# A uniform beam of length L= 7.10 m and weight 3.80x10^2 N is carried by two workers, Sam and Joe,...

## Question:

A uniform beam of length L= 7.10 m and weight 3.80x{eq}10^2 {/eq} N is carried by two workers, Sam and Joe, as shown in the figure below. Determine the force that each person exerts on the beam. ## Equilibrium

In a state of equilibrium, there are no net forces on the system. This means the sum of all forces must be zero. This applies to both linear and rotational forces.

## Answer and Explanation:

The beam is at equilibrium, so the the net force, and the net torque, must both be zero. And since the beam is held horizontally, and is uniform, there is no torque due to it's weight distribution.

{eq}F_N=F_S+F_J+F_g=0 {/eq}

{eq}\tau_N=\tau_S+\tau_J=0 {/eq}

Since the beam is uniform, it's center of mass is at it's geometric center. To determine the torque exerted by Sam and Joe, we need to find their radii from the center of mass. This will be their distances from their closer edges subtracted from the distance from either edge to the center.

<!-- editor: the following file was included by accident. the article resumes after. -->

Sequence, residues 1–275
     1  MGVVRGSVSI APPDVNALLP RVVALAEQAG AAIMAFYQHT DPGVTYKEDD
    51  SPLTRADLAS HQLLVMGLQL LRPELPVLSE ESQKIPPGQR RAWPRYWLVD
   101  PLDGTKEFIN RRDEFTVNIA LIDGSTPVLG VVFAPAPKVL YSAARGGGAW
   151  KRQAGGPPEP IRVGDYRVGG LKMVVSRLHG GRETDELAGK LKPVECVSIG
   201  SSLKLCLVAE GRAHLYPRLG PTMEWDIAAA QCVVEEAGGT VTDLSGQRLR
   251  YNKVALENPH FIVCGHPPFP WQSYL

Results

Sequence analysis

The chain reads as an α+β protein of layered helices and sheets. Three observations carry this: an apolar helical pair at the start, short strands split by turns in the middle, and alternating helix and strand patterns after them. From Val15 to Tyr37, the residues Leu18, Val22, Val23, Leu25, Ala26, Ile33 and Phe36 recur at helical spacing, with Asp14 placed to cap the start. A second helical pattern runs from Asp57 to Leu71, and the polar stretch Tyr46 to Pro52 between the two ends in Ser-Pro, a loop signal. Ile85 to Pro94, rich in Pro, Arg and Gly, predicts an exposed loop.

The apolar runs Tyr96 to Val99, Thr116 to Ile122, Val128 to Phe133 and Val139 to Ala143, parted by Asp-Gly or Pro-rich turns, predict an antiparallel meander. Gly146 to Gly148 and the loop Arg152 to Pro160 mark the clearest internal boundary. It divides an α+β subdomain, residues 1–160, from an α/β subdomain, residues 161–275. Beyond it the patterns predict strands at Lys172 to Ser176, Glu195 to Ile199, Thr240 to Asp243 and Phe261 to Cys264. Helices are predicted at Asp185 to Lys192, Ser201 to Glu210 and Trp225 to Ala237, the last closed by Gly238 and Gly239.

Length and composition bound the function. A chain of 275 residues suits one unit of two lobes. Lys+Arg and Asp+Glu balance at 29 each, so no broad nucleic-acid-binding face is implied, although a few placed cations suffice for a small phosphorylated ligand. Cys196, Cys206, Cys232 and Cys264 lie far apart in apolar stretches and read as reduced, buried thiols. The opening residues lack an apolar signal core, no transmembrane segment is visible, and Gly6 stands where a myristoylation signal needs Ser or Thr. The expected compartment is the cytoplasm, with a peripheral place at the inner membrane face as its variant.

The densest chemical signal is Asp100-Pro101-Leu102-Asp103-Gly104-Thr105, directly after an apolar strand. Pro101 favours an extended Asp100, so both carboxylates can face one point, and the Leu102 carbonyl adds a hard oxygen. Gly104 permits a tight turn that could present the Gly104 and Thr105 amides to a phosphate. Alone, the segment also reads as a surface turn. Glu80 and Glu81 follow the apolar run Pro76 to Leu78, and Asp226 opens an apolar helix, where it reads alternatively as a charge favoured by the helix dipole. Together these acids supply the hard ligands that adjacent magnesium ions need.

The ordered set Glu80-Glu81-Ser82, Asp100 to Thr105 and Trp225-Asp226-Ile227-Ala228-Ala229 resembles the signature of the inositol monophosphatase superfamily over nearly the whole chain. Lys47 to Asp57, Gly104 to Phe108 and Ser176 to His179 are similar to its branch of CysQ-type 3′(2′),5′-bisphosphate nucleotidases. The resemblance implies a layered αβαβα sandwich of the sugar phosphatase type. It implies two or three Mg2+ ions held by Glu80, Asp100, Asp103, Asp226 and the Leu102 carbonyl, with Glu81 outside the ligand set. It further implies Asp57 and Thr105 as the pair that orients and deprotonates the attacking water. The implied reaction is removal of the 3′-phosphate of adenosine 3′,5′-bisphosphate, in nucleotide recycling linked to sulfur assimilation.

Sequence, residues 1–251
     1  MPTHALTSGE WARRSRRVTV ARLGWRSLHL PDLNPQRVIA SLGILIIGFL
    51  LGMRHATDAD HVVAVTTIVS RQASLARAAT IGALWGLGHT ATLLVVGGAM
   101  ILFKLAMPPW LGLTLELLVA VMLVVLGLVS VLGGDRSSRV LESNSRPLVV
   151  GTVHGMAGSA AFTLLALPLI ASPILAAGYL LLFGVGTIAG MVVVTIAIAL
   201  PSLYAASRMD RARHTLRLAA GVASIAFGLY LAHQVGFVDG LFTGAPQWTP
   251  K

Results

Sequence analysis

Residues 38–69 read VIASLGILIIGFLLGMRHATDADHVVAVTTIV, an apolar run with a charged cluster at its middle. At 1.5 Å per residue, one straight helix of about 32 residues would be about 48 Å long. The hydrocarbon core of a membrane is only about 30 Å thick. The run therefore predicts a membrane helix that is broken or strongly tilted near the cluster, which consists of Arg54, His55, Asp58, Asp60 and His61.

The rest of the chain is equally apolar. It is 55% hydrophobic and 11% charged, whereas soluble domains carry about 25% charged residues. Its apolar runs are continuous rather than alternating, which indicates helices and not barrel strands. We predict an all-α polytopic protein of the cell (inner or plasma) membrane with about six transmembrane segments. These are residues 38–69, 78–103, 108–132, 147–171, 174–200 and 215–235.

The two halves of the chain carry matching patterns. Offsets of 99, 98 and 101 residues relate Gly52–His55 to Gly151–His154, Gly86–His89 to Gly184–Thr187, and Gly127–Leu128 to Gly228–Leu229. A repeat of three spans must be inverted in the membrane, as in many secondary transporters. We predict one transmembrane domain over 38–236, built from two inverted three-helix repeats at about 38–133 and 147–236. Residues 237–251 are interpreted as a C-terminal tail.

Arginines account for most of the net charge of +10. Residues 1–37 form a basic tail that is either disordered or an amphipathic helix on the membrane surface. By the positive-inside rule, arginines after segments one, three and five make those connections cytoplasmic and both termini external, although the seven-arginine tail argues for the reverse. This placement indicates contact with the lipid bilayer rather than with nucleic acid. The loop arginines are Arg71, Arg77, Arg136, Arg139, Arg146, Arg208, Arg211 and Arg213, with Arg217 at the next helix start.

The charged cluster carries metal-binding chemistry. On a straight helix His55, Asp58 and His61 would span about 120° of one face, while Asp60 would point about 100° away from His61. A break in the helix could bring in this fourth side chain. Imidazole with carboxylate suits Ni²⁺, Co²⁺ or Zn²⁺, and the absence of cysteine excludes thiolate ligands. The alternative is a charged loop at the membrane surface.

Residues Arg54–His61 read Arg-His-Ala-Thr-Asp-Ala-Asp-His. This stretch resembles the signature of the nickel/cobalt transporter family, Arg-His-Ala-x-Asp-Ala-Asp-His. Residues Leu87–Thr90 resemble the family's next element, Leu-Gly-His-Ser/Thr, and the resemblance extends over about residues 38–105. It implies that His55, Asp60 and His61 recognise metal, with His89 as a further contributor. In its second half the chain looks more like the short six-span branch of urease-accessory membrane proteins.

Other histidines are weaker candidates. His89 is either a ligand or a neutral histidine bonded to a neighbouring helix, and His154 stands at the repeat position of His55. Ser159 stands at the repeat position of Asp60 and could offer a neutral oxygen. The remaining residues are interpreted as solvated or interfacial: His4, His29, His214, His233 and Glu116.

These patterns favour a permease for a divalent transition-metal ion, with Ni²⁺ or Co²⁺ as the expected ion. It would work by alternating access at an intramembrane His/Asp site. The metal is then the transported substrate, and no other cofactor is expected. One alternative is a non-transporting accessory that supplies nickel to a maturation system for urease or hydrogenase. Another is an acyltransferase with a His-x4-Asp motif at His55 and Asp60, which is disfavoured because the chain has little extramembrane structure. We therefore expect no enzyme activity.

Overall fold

{eq}r_S=\frac{L}{2}-d_S=\frac{7.10m}{2}-1.00 m=2.55 m {/eq}

{eq}r_J=\frac{L}{2}-d_J=\frac{7.10 m }{2} - 2 m = 1.55 m {/eq}

Assuming Sam and Joe both lift straight upwards, their force is perpendicular to the radius of the horizontal beam. This reduces their torques to simply the product of their forces and their radii. Since we known their on opposite ends of the center of mass, and both lifting upwards, one of their torques will be negative. By convention, we'll say Sam's torque is negative since it is clockwise.

{eq}\tau_S=-F_Sr_S {/eq}

{eq}\tau_J=F_Jr_J {/eq}

Plugging these into the torque equilibrium expression, we have:

{eq}-F_Sr_S+F_Jr_J=0 {/eq}

{eq}F_Sr_S=F_Jr_J {/eq}

We can now turn this into an expression for one force in terms of the other.

{eq}F_S=F_J \frac{r_J}{r_S} {/eq}

Now plug this into the force equilibrium expression.

{eq}F_S+F_J+F_g=0 {/eq}

{eq}F_J \frac{r_J}{r_S}+F_J+F_g=0 {/eq}

{eq}F_J(1+ \frac{r_J}{r_S})+F_g=0 {/eq}

Rearrange to solve for the force Joe exerts.

{eq}F_J=-\frac{F_g}{1+ \frac{r_J}{r_S}} {/eq}

We can solve this analytically with the given information. Note that the force exerted by Joe is in the opposite direction of gravity, so we'll call gravity negative and upward positive.

{eq}F_J=\frac{380 N}{1+ \frac{1.55 m }{2.55}}=236 N {/eq}

Plug this back into the expression for Sam's force in terms of Joe's.

{eq}F_S=F_J \frac{r_J}{r_S} {/eq}

{eq}F_S=(236N) \frac{1.55m}{2.55m}=144 N {/eq}

#### Learn more about this topic: Equilibrium: Translational & Rotational

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